When it comes to rock crawling on the off-road capability meter, the Jeep Wrangler Rubicon sits at the top of the totem pole.
And it needs to, when we're talking about trying to conquer the infamous Rubicon Trail with Jeep’s big hitter, the aptly named Rubicon. This is a hardcore trail, which has broken almost as many 4x4 vehicles that have attempted to tame it.
The Rubicon Trail is absolutely not a Sunday afternoon walk in the park. This is serious off-road business and certainly not for the weekend novice.
CarAdvice is currently at base camp in California’s Squaw Creek preparing for a run at the Trail over the next two days, trying to tame what most claim to be the toughest off-road course in the United States. The weapon of choice is a 2012 Jeep Wrangler Rubicon, with the all-new 3.6-litre Pentastar V6 engine.
It might have a smaller displacement than the previous 3.8-litre powerplant, but with 209kW and 347Nm, the new Wrangler Rubicon has a 43 per cent power advantage along with 10 per cent more torque and even better fuel economy.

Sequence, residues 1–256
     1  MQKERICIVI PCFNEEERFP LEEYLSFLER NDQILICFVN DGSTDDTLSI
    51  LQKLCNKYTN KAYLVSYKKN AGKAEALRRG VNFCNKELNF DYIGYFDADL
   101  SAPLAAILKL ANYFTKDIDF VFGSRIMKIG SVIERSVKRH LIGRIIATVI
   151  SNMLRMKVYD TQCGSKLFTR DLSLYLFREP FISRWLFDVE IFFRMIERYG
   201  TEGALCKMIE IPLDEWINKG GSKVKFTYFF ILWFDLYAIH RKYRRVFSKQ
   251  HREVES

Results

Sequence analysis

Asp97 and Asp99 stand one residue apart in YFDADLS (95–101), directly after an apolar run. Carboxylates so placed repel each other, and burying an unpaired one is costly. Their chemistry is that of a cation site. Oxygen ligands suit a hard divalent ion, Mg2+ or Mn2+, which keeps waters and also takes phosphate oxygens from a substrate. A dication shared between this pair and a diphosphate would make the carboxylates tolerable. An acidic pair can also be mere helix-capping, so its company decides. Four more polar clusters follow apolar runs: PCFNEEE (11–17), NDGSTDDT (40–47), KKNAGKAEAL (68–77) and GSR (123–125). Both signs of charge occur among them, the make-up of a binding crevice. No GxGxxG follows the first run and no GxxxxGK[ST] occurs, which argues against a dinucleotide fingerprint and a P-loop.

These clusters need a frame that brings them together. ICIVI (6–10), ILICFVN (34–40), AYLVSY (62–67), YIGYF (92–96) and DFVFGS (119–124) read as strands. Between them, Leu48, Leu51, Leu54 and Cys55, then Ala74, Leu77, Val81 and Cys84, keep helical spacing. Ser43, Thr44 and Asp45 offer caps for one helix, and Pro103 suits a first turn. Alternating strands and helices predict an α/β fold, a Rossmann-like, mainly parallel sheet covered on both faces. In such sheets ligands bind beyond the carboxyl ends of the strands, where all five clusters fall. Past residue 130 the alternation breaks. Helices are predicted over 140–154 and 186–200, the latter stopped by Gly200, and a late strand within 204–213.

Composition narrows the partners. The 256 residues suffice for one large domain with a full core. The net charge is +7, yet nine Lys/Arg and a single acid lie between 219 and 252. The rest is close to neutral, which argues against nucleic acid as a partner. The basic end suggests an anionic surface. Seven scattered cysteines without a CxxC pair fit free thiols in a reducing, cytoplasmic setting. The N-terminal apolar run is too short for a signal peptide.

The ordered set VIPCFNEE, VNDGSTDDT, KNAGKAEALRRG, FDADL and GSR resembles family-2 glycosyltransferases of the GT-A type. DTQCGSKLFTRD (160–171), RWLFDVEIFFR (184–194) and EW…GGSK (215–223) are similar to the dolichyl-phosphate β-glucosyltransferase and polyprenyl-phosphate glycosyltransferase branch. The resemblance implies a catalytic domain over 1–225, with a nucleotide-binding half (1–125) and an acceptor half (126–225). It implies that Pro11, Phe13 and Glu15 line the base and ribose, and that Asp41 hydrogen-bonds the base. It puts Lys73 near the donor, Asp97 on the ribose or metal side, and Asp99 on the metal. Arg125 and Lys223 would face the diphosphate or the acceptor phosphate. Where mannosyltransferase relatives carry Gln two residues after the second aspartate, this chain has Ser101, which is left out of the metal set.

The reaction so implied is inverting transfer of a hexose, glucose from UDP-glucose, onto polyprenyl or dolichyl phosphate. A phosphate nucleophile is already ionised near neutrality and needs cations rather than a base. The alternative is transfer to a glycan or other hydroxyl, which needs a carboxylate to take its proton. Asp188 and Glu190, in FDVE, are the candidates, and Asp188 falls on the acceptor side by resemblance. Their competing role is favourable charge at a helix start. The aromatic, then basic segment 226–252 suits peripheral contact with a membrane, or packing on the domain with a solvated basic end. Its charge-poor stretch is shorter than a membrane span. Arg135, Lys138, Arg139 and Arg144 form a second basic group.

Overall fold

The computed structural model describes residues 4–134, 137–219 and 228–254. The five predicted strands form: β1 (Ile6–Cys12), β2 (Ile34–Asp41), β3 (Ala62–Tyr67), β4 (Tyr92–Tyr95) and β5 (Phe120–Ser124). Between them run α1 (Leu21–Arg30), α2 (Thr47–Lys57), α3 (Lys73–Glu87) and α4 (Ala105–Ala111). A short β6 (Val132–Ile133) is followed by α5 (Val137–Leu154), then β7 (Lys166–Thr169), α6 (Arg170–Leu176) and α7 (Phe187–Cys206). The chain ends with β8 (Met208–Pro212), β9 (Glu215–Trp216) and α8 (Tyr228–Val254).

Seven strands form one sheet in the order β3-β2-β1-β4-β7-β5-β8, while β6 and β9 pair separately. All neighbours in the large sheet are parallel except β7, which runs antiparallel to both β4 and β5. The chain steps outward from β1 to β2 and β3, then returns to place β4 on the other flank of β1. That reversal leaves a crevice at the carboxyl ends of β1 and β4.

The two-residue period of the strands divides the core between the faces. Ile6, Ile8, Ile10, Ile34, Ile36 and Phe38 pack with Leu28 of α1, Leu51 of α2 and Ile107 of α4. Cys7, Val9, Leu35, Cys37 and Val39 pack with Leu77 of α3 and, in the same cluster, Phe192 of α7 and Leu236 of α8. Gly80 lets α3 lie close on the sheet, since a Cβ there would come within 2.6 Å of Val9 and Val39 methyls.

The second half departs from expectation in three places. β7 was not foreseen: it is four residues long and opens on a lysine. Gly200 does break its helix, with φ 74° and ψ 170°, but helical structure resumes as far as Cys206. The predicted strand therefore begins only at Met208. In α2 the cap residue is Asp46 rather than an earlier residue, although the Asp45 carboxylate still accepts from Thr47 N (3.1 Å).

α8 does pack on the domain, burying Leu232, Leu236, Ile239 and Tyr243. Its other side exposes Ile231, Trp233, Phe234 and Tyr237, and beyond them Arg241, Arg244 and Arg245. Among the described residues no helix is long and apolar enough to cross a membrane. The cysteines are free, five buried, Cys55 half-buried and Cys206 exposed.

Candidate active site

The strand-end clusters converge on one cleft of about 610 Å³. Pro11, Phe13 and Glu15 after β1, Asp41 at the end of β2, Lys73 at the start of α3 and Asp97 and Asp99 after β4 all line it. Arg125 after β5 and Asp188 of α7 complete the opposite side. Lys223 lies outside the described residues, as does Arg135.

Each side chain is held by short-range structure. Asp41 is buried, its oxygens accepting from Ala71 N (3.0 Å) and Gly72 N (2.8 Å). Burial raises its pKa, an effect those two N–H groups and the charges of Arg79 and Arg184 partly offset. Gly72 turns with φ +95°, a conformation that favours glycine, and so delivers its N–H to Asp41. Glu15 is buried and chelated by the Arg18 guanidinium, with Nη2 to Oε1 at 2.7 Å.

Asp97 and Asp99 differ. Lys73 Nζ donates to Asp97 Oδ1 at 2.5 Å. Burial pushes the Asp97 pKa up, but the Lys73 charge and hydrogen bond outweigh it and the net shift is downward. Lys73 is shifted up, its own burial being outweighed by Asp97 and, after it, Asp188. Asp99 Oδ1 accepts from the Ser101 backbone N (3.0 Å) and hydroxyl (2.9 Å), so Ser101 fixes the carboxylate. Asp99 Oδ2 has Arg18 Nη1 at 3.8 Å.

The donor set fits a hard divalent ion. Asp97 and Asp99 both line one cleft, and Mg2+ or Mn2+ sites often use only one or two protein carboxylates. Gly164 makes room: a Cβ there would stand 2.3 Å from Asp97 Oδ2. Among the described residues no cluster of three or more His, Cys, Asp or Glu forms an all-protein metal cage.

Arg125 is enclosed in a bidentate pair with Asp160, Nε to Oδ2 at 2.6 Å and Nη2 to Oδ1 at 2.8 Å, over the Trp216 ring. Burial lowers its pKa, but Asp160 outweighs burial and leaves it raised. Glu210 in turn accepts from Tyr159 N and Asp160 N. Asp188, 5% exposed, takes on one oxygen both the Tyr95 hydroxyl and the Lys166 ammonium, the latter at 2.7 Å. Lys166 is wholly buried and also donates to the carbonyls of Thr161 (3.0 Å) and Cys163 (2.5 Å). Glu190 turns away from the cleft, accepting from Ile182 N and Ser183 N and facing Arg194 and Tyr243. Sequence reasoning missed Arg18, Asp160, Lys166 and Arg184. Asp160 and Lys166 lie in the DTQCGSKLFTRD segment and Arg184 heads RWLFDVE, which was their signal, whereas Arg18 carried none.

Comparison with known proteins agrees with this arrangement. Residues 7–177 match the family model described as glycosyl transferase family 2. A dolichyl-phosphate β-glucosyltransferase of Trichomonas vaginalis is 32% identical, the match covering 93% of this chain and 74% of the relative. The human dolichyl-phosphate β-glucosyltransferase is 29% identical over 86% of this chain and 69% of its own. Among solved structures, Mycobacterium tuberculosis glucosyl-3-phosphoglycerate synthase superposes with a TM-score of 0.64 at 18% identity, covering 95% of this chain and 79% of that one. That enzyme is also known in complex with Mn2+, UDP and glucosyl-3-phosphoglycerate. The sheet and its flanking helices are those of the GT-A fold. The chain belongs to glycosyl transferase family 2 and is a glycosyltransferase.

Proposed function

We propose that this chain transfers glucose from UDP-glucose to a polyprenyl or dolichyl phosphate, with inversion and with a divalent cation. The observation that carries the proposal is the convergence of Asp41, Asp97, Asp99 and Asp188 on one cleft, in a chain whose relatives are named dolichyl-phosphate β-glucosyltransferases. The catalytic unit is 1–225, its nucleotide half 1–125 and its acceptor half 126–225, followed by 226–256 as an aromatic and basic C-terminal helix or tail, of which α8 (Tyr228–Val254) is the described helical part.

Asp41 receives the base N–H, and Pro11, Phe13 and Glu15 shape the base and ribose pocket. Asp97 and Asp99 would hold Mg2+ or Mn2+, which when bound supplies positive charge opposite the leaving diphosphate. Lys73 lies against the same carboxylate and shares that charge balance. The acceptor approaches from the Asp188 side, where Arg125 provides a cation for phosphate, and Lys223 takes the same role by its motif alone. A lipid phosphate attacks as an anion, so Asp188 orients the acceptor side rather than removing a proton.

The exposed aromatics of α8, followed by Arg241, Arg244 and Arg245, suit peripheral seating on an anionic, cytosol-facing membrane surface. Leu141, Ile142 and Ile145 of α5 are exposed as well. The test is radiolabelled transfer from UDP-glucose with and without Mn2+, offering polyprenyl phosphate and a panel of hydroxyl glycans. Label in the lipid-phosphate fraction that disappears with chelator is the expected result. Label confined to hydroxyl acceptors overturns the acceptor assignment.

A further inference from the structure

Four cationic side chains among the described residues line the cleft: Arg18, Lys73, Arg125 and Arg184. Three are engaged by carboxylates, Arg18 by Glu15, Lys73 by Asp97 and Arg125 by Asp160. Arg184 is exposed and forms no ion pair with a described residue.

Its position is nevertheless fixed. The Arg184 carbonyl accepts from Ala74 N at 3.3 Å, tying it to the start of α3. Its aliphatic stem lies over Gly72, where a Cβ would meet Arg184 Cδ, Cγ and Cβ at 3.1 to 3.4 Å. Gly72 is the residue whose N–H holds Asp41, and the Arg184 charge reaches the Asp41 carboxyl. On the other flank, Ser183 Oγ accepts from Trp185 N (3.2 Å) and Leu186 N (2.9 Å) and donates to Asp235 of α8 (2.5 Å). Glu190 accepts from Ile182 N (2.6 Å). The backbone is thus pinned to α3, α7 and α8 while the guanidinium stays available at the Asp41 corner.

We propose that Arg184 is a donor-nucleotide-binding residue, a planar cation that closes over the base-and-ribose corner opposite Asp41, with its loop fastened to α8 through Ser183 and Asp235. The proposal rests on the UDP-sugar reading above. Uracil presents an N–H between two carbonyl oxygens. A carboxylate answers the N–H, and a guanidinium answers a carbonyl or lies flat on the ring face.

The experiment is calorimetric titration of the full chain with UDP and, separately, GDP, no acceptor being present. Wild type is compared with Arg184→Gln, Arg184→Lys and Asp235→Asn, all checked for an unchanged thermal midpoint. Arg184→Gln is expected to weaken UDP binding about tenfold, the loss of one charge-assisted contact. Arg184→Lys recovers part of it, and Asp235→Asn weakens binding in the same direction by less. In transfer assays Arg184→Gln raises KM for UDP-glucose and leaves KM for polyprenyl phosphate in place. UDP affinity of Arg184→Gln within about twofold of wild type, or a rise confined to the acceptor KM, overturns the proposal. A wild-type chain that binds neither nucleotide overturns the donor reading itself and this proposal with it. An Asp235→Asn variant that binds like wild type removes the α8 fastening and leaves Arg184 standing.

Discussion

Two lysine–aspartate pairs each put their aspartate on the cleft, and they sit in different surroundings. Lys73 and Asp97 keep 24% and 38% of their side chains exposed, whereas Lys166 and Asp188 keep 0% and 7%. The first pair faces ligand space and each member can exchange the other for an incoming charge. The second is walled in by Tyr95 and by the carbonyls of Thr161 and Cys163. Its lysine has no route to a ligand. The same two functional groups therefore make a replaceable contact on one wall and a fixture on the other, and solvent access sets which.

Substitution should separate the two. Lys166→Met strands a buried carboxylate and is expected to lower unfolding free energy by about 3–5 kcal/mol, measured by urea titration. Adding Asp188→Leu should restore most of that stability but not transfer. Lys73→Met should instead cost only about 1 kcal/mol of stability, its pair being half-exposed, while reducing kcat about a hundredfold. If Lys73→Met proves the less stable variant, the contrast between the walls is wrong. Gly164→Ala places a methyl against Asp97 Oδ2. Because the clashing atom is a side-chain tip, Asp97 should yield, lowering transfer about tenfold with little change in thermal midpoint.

It wasn’t that the old engine lacked any get up and go either, but you needed to kick it in the guts if you really wanted some decent acceleration. It was also very quiet inside the cabin too, and on a quick 100-mile journey today into the Nevada city of Reno, we rediscovered just how quiet that really is.
As far as on-road dynamics and NVH levels go, the Wrangler Rubicon is light-years ahead of Land Rover’s Defender with the only discernable noise inside the cabin when travelling at the highway legal 65mph (105km/h) being the wind off the side mirrors and roof joints. Not even the hardcore Rubicon-rated all-terrain tyres produced any unwanted tyre roar.
Jeep is claiming even more superior NVH levels with the Pentastar as well as a 27 per cent improvement in acceleration times, from 0-100km/h (8.1 seconds for the two-door).
The Jeep Wrangler Rubicon will need every weapon it has availble if it is to conquer the Trail without incident. For starters, it features heavy-duty Dana 44 front and rear axles, Rock-Track NV241 two-speed transfer case with 4:0:1 low-range gear ratio, electric front and rear locking differentials and disconnected front sway bar for MAD levels of wheel articulation over what can only be described as boulders.